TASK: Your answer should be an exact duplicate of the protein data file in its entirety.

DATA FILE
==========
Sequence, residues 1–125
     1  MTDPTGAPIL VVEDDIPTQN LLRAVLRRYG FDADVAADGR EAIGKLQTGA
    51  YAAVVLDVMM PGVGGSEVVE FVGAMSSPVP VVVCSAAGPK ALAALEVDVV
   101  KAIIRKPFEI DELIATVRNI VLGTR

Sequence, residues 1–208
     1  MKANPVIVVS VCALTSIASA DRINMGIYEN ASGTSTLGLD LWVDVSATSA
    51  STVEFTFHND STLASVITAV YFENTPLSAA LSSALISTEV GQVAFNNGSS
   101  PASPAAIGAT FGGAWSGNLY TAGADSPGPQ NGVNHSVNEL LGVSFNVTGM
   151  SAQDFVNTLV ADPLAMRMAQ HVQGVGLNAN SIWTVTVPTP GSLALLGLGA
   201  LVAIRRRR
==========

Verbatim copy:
Sequence, residues 1–125
     1  MTDPTGAPIL VVEDDIPTQN LLRAVLRRYG FDADVAADGR EAIGKLQTGA
    51  YAAVVLDVMM PGVGGSEVVE FVGAMSSPVP VVVCSAAGPK ALAALEVDVV
   101  KAIIRKPFEI DELIATVRNI VLGTR

Sequence, residues 1–208
     1  MKANPVIVVS VCALTSIASA DRINMGIYEN ASGTSTLGLD LWVDVSATSA
    51  STVEFTFHND STLASVITAV YFENTPLSAA LSSALISTEV GQVAFNNGSS
   101  PASPAAIGAT FGGAWSGNLY TAGADSPGPQ NGVNHSVNEL LGVSFNVTGM
   151  SAQDFVNTLV ADPLAMRMAQ HVQGVGLNAN SIWTVTVPTP GSLALLGLGA
   201  LVAIRRRR